Britain could become a social investment hub – if the chancellor provides the right incentives

Matt Mead

LONDON is fast emerging as a global centre for social investing. All of the ingredients are here: a vibrant entrepreneurial culture, a strong ethos of charitable giving and investing for good, a supportive government, and organisations whose aim is to grow the world of social impact investing.

In the last few months, London has hosted the G8 social impact investment task-force, the Global Impact Investing Network, and seen the launch of new accelerator programmes and social investment funds – Goldman Sachs and Morgan Stanley are the latest to enter the market. But while our own impact investment fund has seen a huge demand for risk capital in the last 12 months, to really grow this new market we need to encourage more investors who are prepared to invest across the spectrum of risk.

So far, the government has been a major catalyst for the growth of the sector, and rightly wants to open up the social investment market to new sources of capital. But when the chancellor delivers his Autumn Statement today, we are hoping he gives this market a further boost by revealing details of a new tax relief for social investment. There is a real opportunity to recreate the great success of schemes like the Enterprise Investment Scheme (EIS), and Venture Capital Trusts (VCT). By providing a tax incentive to the investor, these initiatives have supplied over £8.7bn of capital into over 20,000 firms in 20 years.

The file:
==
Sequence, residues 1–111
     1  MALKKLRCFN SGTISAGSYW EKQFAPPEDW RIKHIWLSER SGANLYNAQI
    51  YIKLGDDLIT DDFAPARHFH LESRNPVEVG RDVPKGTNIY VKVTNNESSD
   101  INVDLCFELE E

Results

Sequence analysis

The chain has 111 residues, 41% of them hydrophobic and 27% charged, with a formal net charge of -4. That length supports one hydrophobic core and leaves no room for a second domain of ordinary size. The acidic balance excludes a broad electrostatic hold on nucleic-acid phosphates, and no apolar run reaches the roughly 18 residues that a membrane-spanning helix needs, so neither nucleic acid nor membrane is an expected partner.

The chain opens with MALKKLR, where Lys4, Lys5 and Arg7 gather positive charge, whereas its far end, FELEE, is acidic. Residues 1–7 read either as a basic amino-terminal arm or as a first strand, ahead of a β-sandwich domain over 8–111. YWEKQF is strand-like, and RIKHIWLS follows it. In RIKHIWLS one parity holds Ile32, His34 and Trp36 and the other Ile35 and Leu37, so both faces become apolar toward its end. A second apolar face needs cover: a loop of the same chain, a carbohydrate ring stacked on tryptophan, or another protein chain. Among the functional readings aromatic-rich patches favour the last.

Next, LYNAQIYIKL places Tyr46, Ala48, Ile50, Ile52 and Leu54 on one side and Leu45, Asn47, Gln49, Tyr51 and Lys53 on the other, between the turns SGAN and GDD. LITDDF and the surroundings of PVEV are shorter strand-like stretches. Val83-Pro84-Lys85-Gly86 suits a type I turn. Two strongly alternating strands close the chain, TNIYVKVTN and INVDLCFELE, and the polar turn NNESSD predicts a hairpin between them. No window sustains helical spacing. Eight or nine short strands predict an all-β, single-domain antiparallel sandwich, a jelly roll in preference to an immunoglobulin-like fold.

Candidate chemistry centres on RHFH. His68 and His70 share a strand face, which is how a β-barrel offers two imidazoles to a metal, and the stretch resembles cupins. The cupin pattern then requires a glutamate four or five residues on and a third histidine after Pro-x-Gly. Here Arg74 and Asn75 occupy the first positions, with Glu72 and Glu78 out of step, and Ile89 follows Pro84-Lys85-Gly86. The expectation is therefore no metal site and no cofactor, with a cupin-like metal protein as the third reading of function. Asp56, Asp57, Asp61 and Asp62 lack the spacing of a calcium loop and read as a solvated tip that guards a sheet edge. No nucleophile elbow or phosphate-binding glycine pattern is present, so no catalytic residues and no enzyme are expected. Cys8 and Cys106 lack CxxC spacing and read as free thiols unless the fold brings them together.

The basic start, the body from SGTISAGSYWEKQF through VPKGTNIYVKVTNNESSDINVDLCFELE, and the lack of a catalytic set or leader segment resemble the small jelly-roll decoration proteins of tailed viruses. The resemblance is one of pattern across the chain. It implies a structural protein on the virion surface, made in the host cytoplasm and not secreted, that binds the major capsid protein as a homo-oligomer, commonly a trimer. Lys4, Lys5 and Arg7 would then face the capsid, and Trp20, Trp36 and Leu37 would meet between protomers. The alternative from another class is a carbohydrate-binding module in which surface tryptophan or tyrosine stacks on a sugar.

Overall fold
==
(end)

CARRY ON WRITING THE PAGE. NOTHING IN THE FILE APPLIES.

But a consultation on the tax relief over the summer has led to concerns that the chancellor’s announcement will be akin to baby steps, not a huge leap forward.

Focusing incentives around a tight definition of who qualifies, limiting how much they can raise (possibly only £150,000), and only giving relief for certain risk-based debt investments will limit the impact of this new scheme.

Of course, tax incentives should look to grow the market and not just subsidise the capital that is already in place, and tax incentives should reward risk taking. However, most investment in social enterprise is high risk – investments are made to grow impact, not to make large capital gains, so doesn’t it follow that the incentives need to be pretty broad?

So, what would create more opportunity?

The scheme could mirror the EIS and make £5m the qualifying capital raising limit, and the scheme could also provide tax relief for investments in other instruments like social impact bonds and unsecured debt. Proposals could try to encourage VCT-like investment for individuals into approved funds and make the scope broad. If that encourages the wrong investor behaviour then it can be changed, but why not learn the lessons from existing schemes and really try to grow the social investment market by promoting risk taking?

It will be interesting to see what emerges today. In 20 years’ time, I hope we will look back and say this was the moment that impact investing really took off.

Matt Mead is a partner at Nesta Investment Management.